A U.S. delegation, in a first appearance before the U.N. Committee Against Torture since 2006, told the panel in Geneva this week that it rejects Bush administration interpretations of torture statutes and affirms U.S. commitment to closing the dark chapter of the CIA’s post-9/11 interrogation program.

Those assertions, though, didn’t convince the U.N. panel, which hadn’t seen the U.S. crew since abuses of the Bush-era program were publicly revealed.

Despite its seeming reversal on Bush-era policies, the U.S. delegation was slammed for touting its 2009 Justice Department Investigation into the CIA’s torture program — which resulted in no charges — as proof of its commitment.

“We are not fully satisfied with that answer,” said torture committee Chairman George Tugushi. “In our view, any investigation into possible ill treatment by public officials must comply with the criteria of thoroughness. And actually to be considered credible, it must be capable of leading to a determination of whether force or other methods used were or were not justified under the circumstances, and to the identification of the appropriate punishment of those concerned.”

The Justice Department probe was supervised by John Durham, an assistant U.S. attorney in Connecticut. After the U.N. panel pressured the U.S. delegation for details, the Americans disclosed that the inquiry questioned more than 90 witnesses. Despite repeated questions, delegation members declined, however, to say whether those witnesses included any prisoners subjected to the CIA methods.

One member of the U.N. committee suggested the investigation was a whitewash.

The Durham investigation “found that there was not sufficient evidence,” said Jens Modvig. “Well … you won’t find what you’re not looking for.”

CIA detainees who have said they were not interviewed in the Justice Department investigation have described being waterboarded, locked in small boxes and otherwise tortured.

The Justice Department inquiry, which lasted from 2009 to 2012, found insufficient evidence to open a criminal probe into abuses. Obama himself said in 2008 before he took office that he wanted to move on from the era and “look forward as opposed to looking backwards.”

“By failing to hold the perpetrators of torture accountable, the Obama administration undermined the prohibition on torture and abuse, and it certainly falls short of what’s required by the treaty,” said Jamil Dakwar, director of the Human Rights Program at the American Civil Liberties Union, following Thursday’s meeting of the U.N. panel. “We have no assurance that there has ever been a top-to-bottom criminal investigation that has included an investigation of any possible criminal conduct by government officials who authorized or ordered the use of torture and abuse.”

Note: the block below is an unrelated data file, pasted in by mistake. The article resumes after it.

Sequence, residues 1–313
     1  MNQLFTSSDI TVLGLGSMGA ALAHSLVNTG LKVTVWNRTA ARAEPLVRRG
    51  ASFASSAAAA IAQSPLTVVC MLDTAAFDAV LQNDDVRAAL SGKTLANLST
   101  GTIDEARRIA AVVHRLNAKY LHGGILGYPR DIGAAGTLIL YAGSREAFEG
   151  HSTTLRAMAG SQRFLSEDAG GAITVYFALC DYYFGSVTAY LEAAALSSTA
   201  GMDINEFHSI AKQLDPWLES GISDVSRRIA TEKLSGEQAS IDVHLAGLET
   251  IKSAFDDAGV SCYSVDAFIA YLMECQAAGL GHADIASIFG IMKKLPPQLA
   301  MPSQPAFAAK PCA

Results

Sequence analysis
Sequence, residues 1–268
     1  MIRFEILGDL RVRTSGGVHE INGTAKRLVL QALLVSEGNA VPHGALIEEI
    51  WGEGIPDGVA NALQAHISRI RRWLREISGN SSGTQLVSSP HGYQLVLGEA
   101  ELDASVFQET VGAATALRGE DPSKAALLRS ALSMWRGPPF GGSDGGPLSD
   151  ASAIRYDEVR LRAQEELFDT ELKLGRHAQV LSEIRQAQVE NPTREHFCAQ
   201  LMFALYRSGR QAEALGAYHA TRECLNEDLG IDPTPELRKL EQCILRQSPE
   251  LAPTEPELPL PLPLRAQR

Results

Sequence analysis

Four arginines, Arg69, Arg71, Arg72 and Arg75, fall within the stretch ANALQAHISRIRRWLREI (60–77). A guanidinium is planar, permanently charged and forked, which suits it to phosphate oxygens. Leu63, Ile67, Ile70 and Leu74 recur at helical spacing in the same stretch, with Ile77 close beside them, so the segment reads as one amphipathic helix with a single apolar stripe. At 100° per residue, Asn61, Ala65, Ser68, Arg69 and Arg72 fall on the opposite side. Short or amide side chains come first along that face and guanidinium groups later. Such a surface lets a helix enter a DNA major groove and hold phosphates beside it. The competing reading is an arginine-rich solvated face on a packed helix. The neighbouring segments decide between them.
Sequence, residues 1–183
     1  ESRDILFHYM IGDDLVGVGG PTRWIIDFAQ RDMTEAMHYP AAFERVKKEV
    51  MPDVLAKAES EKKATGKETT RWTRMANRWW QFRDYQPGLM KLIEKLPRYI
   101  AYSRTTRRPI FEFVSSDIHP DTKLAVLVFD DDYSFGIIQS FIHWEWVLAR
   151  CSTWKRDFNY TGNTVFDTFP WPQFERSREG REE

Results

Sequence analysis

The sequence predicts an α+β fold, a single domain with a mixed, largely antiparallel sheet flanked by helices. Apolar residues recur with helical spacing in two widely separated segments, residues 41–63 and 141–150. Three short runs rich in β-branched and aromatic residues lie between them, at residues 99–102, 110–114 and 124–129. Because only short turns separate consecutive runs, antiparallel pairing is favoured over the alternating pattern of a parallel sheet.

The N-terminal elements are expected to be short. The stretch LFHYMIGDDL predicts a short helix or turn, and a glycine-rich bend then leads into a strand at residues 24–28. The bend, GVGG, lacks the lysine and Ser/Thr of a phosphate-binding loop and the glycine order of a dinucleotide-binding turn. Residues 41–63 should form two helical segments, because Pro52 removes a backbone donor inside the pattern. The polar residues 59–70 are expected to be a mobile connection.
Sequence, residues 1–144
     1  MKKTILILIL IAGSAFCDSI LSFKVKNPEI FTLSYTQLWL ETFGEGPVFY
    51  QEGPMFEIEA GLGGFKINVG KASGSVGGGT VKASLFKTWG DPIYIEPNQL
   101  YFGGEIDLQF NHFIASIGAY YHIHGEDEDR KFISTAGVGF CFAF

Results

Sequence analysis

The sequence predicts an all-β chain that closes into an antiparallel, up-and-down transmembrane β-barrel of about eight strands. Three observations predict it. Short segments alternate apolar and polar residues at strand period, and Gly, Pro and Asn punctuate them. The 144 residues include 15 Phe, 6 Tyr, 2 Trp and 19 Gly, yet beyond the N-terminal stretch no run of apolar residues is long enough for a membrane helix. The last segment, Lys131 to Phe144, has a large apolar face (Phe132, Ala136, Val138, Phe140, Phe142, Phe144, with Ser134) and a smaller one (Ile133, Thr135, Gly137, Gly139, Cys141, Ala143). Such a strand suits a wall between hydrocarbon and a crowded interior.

The Obama administration has reportedly used the Durham investigation in pressuring international courts to drop investigations into the Bush-era program, which employed the help of several foreign governments.

The focus by the U.N. panel on the Durham investigation underscores a lingering question that remains eight years after America’s torture chapter concluded: Why was no one held accountable?

That lack of closure has inspired new questions as the public awaits the release of the executive summary of a Senate Intelligence Committee review of the CIA’s operation. The five-year, $40 million Senate study has been touted as an authoritative accounting of the torture program. But it doesn’t examine the culpability of high-level Bush administration officials, McClatchy Newspapers revealed last month. Senate Intelligence Committee Chair Dianne Feinstein (D-Calif.) has stressed that the 6,300-page document is meant to be a comprehensive record, not an indictment.

The public may never know, at least officially, who in the Bush administration was responsible for a program that, as Feinstein said, was “un-American, brutal” and “never, never, never should have existed.”

That reality, the U.N. panel suggested, dents U.S. credibility on torture, and draws into question the Obama administration’s dedication to closing the Bush chapter.

The Obama administration’s delegation also was asked by the U.N. group on Wednesday if it agreed with a Bush-era interpretation of the panel’s international torture convention, which outlaws harsh treatment of prisoners. Secret Bush legal memos argued that the anti-torture treaty did not apply outside U.S. borders, creating the basis for a covert CIA program that shipped suspected terrorists to secret overseas prisons for harsh interrogation.

The Obama delegation had reportedly considered affirming that legal interpretation, which sent the international community into an uproar this month.

The U.S. delegation this week appeared to reject the Bush legal reasoning. But its careful parsing of words leaves room for interpretation.